The Sound Blaster Audigy 2 ZS Platinum Pro includes an external I/O hub that's chock-full of ports. Its coaxial and optical digital-audio inputs and outputs enable you to connect a variety of home-audio devices to your PC for recording and playing back, while the two FireWire ports let you connect to digital camcorders, audio players, and other devices. One quarter-inch line/guitar input, one quarter-inch line/mike input and a MIDI input/output set make the ZS Platinum Pro a suitable choice for home-recording hobbyists. Up front, a quarter-inch headphone port enables private listening, while around back, there's a digital miniplug output for digital speaker sets. Via two AD Link ports, the I/O hub connects to the PCI sound card itself. The PCI card has three analog miniplug outputs to which you can attach up to 7.1-channel speakers. An optional joystick/MIDI-port bracket lets you plug in older game controllers, as well, though we'd rather have a USB 2.0 port.
In addition to the ports, a playback volume/mute control, a microphone gain control, and a button for Creative Multi Speaker Surround, or CMSS (which is Creative's up-mixing/down-mixing/headphone spatialization technology), round out the I/O hub's front panel. Thanks to the IR remote, you can operate many ZS Platinum Pro features from across the room.
Setting up the ZS Platinum Pro was simple, although not quick in our tests; it took more than 20 minutes to install the large number of included components. Here's the process in a nutshell: We opened up the PC, installed the PCI card and the joystick/MIDI bracket, then connected the I/O hub to the PCI card. After installing the software, we connected our Creative GigaWorks S750 7.1-channel speakers, calibrated the setup with the THX certification utility for maximum movie audio quality, and we were good to go. The driver software lets you optimize settings, although its multiwindow approach is too compartmentalized, making it hard to quickly jump to the exact setting screen you're looking for.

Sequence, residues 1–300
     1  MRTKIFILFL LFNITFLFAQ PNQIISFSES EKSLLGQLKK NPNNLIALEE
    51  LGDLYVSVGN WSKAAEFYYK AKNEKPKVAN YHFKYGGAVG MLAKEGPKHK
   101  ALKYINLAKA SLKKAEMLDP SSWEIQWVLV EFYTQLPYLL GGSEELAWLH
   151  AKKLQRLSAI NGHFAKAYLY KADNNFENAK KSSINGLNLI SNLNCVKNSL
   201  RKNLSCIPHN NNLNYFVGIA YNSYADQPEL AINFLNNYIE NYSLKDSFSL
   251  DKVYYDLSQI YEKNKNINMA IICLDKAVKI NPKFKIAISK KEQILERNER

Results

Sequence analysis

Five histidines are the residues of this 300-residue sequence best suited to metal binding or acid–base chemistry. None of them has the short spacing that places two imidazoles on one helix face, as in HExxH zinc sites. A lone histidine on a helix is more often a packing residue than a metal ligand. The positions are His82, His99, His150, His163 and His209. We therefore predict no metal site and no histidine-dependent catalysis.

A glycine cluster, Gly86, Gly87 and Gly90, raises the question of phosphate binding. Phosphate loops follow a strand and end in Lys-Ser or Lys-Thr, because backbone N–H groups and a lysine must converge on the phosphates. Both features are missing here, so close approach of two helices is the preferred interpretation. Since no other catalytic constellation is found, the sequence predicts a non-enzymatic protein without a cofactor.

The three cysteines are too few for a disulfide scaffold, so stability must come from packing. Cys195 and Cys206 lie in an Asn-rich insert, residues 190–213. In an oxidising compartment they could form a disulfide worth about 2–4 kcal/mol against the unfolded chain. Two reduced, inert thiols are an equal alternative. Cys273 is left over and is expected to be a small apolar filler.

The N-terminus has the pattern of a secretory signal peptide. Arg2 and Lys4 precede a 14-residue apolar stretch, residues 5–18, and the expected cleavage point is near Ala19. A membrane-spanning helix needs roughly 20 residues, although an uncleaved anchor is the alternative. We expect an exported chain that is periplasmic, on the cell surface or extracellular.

The ZS Platinum Pro adds Digital Theater Systems' DTS-ES standard to the mix. While the Dolby Digital EX 6.1 decoding of last-generation Sound Blasters uses up-mixing to synthesize the sixth channel (rear-center speakers), DTS-ES sources have a discrete sixth channel for better sound localization. When we fired up Gladiator's "Hell Unleashed" scene in DTS-ES mode, the rear speakers created a slightly more convincing soundfield than we heard with Dolby Digital EX 6.1.
To test the ZS Platinum Pro's musical wherewithal, we popped in our DVD-Audio disc of Philip Glass's Koyaanisqatsi. No complaints here: the disc had a suitably clean and dynamic sound. Testing out CMSS, we fired up some MP3 tracks. With speakers and headphones, CMSS made the Flaming Lips' "Halloween on the Barbary Coast" sound somewhat more full than it is with regular 5.1 or 6.1 output, but the simulated 7.1-channel effect was not as impressive as when we tested PC game audio that can break up the sound to each specific channel. The Sound Blaster Audigy 2 ZS Platinum Pro supports Creative's EAX Advanced HD and Microsoft's DirectSound 3D standards, which the vast majority of games use to deliver 3D audio. The Creative Sound Blaster Audigy 2 ZS Platinum Pro can render 7.1 discrete channels from games that incorporate DirectSound 3D, while it reaps additional ambient benefits from EAX 4.0 Advanced HD-enabled games. When we played Soldier of Fortune II, the ZS Platinum Pro and our 7.1-channel speaker system created a truly enveloping environment and aided gameplay by making it easy for us to track the positions of our enemies. Later we fired up Star Wars Jedi Knight: Jedi Academy, an EAX 4.0-enabled title. Although we can't say that EAX 4.0 is a revolutionary advancement compared to earlier versions of the standard, we did observe that the ambient environment was among the most complex, immersive, and three-dimensional that we've heard in any game.
The ZS Platinum Pro ships with an easy-to-follow quick-installation poster, supplemented by a Web link to electronic documentation as a part of the software installation.